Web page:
Expecting practice teams to prescribe fruit and veg ‘isn’t appropriate’, the Royal College of GPs (RCGP) has said after a Government-backed report recommended GPs should do so for people who have poor access to healthy food.
The National Food Strategy, independently led by businessman Henry Dimbleby, suggested the Government trial a programme giving GPs the option to prescribe fruit and vegetables to patients suffering the effects of poor diet or food insecurity.
Professor Martin Marshall, RCGP chair, said that advising patients on healthier lifestyle choices is already something that is done on a daily basis.
‘Whilst GPs and other members of our team will give appropriate lifestyle advice, including about eating healthily and signposting them to resources to help them do this, in the best interests of their health, it isn’t appropriate for us to ‘prescribe’ them certain foods,’ he said.
The role of social prescribers and link workers in general practice may be better suited to ‘talk to patients and recommend non-medical interventions’, including cookery classes, he suggested.
Professor Marshall said that sensitive conversations like this are challenging in a 10-minute consultation, with more support needed to tackle workforce pressures.
He said: ‘We need more time with our patients, we need more GPs and members of the practice team and we need more to be done to address the current ‘undoable’ workload in general practice.’
Reducing food insecurity
The National Food Strategy also said a tax should be applied to sugar and salt sold for use in processed foods or in restaurants and catering businesses.
An estimated £2.9-£3.4bn a year of the revenue should be used to give fruit and vegetables to low-income families, it suggested.
It also said ‘the true cost of eating healthily should be calculated into benefits payments’, dashing the ‘widespread notion’ that giving low-income households extra money to spend on food is a ‘waste of time’.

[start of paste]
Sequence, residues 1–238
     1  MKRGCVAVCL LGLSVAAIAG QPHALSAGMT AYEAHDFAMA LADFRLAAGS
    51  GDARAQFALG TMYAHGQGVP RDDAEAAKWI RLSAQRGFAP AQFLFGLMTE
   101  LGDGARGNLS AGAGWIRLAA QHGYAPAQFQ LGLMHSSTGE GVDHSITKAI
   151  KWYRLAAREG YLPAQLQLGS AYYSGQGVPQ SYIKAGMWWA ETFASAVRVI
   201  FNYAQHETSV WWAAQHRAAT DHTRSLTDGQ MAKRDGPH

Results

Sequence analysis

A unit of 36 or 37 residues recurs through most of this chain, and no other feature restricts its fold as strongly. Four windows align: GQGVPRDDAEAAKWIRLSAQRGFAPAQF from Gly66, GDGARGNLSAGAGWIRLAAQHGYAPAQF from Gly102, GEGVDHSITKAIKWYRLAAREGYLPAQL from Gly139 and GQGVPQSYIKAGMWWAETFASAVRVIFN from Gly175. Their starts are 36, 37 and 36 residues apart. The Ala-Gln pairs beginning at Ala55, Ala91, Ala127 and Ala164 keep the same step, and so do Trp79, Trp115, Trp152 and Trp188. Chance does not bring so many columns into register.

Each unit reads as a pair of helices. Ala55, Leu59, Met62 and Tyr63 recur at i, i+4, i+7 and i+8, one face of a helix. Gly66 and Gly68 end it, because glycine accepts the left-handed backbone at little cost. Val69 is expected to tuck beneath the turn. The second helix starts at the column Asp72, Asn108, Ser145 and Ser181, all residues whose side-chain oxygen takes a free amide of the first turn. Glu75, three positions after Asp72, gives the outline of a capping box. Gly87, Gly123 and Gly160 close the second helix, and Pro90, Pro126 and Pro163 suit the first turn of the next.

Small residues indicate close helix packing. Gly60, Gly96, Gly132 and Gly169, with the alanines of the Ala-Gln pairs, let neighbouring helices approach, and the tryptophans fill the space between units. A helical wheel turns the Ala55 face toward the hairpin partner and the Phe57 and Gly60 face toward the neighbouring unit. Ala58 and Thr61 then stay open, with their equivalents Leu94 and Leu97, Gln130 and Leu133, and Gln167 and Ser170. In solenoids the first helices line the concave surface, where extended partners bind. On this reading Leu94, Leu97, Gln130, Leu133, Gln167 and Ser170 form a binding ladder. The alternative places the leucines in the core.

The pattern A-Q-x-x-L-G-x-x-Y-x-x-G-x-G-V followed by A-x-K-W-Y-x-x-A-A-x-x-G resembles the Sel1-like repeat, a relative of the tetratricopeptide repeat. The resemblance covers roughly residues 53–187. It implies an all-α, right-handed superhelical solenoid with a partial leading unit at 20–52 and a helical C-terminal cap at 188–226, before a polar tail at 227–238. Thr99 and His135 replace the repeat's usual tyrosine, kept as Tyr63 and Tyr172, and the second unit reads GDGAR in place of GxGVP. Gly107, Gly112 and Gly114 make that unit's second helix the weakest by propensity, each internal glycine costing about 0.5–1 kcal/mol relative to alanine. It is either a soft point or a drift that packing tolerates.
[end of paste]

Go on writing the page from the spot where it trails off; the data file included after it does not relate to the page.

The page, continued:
It said: ‘Studies in this country have shown that, as poorer families’ income goes up, they spend more on fruit, vegetables, fibre, oily fish and other foods rich in vitamins and minerals. And families actually cut their spending on alcohol and tobacco as their income rises.’
Other recommendations include:
- Mandatory reporting by large companies of sales of healthy foods, including fruit and vegetables, as well as foods high in fat, sugar or salt
- New measures in schools to encourage teaching about food, including reinstating an A Level in food
- Extending the eligibility for free school meals
- Extending school holiday clubs that provide food and activities to children receiving free school meals
- Expanding a scheme for families with young children on low incomes that provides coupons for vitamins and vouchers for fruit and vegetables.
Last month, NHS England announced £20m of new funding for a new weight management GP enhanced service, which was criticised by the BMA for trying to ‘micromanage practices’.
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